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Proteus, the second largest moon of Neptune next to Triton, was discovered by the Voyager 2 spacecraft and Stephen P. Synnott in 1989 thirty three years after the discovery of a significantly smaller moon, Nereid. It was missed by ground telescope observations for a couple of reasons. One, it orbits so close to Neptune, that the reflective glare of the planet itself obscured it. Second, Proteus is the darkest object in our solar system. Reflecting only about 6% of the sunlight that strikes it, it is as dark as Saturn’s dark moon, Phoebe.

Phoebe and Proteus, given their strikingly similar dark characteristics, are thought by scientists to have formed in the same part of the solar system and are close to one another in age. After formation, it is thought that they were each captured by the gravitational pull of the two planets, Saturn and Neptune.

It has a pro-grade orbit; this means that it orbits Neptune in the same direction as the planet’s rotation. It takes Proteus 27 Earth hours to orbit Neptune, indicating its close equatorial trajectory. Its irregular shape appears to be unaltered geologically. No other moon in the solar system is as large as Proteus while still having an irregular, non-spherical shape. Astronomers say that it is as large as it can possibly be without its own gravitational pull forcing it into a spherical shape. It is heavily cratered and photos of the moon give it the appearance of the top of a head of cauliflower. Its craters are thought to have been formed by impact of asteroids or comets.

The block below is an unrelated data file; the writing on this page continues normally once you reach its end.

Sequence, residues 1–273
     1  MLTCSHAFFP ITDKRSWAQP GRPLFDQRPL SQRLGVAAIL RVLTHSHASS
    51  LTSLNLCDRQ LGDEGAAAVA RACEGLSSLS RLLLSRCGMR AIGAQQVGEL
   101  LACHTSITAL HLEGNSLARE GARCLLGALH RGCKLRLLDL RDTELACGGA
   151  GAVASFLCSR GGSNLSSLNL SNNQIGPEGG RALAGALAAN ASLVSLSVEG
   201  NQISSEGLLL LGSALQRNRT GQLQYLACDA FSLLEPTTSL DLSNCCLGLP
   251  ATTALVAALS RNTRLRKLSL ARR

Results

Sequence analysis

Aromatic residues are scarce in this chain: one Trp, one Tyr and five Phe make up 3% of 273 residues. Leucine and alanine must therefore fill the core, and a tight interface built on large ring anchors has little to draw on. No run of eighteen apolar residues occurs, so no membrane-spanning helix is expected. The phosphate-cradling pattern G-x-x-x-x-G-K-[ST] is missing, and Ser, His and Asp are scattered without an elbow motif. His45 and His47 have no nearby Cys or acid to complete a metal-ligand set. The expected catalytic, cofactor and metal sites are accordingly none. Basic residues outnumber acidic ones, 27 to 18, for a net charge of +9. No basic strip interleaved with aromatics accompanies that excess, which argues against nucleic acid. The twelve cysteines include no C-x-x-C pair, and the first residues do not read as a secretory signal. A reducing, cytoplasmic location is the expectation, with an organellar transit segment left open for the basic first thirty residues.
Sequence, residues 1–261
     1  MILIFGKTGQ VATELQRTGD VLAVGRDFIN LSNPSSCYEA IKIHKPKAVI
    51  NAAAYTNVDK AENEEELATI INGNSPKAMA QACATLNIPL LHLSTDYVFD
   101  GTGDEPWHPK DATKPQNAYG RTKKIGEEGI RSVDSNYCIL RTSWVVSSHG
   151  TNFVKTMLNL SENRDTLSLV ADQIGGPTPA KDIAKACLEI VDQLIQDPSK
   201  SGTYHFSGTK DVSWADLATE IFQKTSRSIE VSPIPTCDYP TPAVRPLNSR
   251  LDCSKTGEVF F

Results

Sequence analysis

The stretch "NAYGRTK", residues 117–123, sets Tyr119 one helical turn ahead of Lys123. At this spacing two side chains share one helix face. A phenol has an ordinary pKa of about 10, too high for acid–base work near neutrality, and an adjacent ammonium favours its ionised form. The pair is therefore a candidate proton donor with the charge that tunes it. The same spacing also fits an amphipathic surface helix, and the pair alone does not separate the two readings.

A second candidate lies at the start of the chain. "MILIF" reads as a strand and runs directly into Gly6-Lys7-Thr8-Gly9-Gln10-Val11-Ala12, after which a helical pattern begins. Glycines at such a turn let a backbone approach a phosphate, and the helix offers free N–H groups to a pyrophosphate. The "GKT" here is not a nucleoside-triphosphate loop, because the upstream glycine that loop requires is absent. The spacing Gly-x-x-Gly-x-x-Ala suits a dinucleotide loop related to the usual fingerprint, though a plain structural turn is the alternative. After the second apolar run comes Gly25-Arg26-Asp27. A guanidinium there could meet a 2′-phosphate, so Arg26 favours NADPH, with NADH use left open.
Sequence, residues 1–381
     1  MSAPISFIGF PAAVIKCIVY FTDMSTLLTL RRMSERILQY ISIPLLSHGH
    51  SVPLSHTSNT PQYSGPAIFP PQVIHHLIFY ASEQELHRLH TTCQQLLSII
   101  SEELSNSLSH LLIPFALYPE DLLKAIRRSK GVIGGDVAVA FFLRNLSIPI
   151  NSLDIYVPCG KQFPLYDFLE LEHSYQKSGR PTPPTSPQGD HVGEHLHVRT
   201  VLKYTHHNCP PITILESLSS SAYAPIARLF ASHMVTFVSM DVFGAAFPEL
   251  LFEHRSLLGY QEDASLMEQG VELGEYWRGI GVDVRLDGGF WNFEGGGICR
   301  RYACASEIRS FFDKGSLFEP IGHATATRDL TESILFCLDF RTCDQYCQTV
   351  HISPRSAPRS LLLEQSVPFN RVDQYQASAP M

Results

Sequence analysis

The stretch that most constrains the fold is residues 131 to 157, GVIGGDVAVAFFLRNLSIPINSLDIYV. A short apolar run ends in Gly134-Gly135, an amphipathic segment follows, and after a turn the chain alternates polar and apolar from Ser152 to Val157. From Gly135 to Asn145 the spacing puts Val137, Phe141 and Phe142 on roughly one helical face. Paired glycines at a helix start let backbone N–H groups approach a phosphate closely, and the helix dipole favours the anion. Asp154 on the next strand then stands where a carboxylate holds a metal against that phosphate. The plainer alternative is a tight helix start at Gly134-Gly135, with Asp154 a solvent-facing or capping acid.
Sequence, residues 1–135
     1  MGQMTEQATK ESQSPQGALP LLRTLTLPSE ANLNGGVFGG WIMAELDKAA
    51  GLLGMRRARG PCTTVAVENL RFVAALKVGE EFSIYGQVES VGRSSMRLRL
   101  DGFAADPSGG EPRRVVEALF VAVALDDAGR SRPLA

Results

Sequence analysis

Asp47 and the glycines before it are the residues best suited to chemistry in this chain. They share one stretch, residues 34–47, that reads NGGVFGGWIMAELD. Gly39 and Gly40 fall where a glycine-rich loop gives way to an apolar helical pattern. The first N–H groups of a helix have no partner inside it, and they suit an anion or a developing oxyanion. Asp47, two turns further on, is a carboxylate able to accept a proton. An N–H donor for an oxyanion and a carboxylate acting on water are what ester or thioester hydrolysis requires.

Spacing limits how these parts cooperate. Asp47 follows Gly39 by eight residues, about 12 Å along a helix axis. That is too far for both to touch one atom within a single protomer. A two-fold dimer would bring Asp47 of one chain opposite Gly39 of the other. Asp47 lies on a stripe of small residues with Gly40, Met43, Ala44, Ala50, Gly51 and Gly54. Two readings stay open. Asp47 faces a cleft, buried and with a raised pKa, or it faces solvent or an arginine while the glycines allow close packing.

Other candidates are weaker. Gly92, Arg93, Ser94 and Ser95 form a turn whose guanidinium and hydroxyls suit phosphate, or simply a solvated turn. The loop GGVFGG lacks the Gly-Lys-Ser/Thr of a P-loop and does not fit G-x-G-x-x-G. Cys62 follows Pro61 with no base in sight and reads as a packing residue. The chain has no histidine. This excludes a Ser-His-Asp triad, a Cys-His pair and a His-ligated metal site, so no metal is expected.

Proteus is over 400 kilometers in diameter, making it about one-ninth as wide as Earth’s own moon. In keeping with the mythological theme of nomenclature, Proteus is named for the shape shifting sea god son of Poseidon – Poseidon being the Greek god of the sea. Perhaps Proteus is named after this particular sea god because of its irregular shape. Proteus of mythology was said to have the ability to change his shape at will. One of the craters of Proteus is named Pharos – the name of the island where the mythological sea god was said to reign.

No future plans are made to send spacecraft on a voyage that will pass Neptune in the future. The data and photos gathered on the journey in 1989 is likely the last information that will be available for decades, possibly.

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